Kat: I was standing butt naked in front of a hundred Korean women. And they were staring.
Kat: We’ve encountered a number of Guinness World Record holders in Korea. We’ve been to the closest train station to a beach. Listened to Psy’s record-breaking YouTube video Gangnam Style (if you haven’t seen it yet, you must be living in the Antarctic). And now we’ve been to the world’s biggest department store. Shinsegae shopping mall.
Autumn in South Korea is one of the best times to visit. It’s not too hot or cold, and you’re treated to the most amazing display of colours. Over the past month I’ve visited two temples in the local region in order to shoot the autumn leaves. That’s fall for those of you who don’t speak proper English! It’s difficult to get a clear shot in Korea because of the high rise developments. There are apartment complexes even in the countryside. But temples provide a beautiful park space combined with oriental architecture.
Kat: On the weekend I visited Tongdosa Temple as another meetup with Ulsan photographers. I’ve been leaf chasing this season with the beautiful autumn colours (that’s fall, for you non-English speakers!). Temples offer a unique opportunity to photograph the seasonal changes next to oriental architecture. And it’s often difficult to get a clean landscape shot in Korea, because they’re often blocked by electrical wires, ugly apartment buildings and inconvenient town planning.
Kat: One of the greatest Korean inventions is the DIY table top BBQ. Imagine piles upon piles of beef delivered to your table with copious side servings of salad, garlic and chili sauce. That’s bulgogi. It’s my favourite Korean food, simple as it is. Mmmm… bulgogi, as Homer Simpson would say.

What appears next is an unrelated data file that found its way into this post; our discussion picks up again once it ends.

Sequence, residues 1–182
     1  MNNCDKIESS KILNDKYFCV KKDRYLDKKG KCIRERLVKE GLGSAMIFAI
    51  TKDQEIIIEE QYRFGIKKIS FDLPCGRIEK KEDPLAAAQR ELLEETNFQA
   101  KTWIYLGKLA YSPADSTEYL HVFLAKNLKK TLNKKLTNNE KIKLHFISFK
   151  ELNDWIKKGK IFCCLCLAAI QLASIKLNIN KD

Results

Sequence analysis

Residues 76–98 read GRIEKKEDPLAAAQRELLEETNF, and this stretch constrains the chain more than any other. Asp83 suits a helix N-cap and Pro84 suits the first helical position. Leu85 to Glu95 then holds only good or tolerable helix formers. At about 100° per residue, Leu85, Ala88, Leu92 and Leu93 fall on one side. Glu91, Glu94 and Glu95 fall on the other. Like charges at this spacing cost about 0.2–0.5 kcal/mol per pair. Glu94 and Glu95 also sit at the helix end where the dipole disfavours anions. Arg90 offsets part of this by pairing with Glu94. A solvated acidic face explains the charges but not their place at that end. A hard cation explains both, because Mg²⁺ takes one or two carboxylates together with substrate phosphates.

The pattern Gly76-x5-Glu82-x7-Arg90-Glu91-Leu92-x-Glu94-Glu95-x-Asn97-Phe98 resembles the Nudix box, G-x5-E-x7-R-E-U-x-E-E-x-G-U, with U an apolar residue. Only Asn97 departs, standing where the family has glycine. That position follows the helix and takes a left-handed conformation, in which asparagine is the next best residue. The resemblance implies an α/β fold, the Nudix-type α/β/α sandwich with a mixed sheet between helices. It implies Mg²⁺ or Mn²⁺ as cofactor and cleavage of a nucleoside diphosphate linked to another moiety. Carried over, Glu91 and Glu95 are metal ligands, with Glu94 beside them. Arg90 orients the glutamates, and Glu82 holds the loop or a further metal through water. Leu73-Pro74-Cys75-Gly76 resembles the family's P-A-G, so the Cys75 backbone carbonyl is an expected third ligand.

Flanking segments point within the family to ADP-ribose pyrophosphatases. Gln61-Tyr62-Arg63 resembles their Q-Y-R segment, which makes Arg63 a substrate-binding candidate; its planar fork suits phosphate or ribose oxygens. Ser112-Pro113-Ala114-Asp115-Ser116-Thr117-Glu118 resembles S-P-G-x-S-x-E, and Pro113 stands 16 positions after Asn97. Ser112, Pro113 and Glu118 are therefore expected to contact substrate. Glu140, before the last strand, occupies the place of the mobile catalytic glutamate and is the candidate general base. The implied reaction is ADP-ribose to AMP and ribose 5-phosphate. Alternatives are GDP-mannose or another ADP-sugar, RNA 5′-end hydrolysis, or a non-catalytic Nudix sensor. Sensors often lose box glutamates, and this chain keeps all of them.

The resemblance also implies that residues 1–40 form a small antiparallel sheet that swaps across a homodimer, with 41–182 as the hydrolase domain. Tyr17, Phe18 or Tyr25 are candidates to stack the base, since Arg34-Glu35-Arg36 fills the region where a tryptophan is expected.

Kat: Seoraksan National Park is the highlight of many itineraries in South Korea. It’s easy to see why, with the crystal clear waters splashing through enormous granite valleys. I always knew I wanted to go there during my time in Korea, and the opportunity came up with the 5 day Chuseok holiday.
Travelling to Gangneung
Kat: This October we got five days off work to celebrate Chuseok. Chuseok is Korean thanksgiving, when everyone goes back to their homes to visit family, eat lots of rice cakes and for kids to mooch money off relatives. During Chuseok the trains sell out, roads are packed with traffic and buses take a long time on major highways. We booked train tickets on the day they came out, so we got seats, but other people had to stand up on the train. We used the holiday to go right up to the northernmost corner of Korea, Gangwon province. Gangwon is a coastal area which borders the East sea and the DMZ. It is the only split province in South Korea.
Kat: It’s been an exciting week at Monkey HQ! We hosted our very first Couch Surfer. Couch Surfing is an international community of travellers who practice hospitality by putting people up in their homes for a couple of nights. It might seem somewhat scary to invite a stranger into your house, especially off the internet, but Couch Surfing has a great system of vouching and feedback (a bit like ebay). So we met Edgar, a lovely guy from the Philippines who is also a travel writer and photographer. Edgar blogs at Eazytraveler, which really captures his chilled out nature.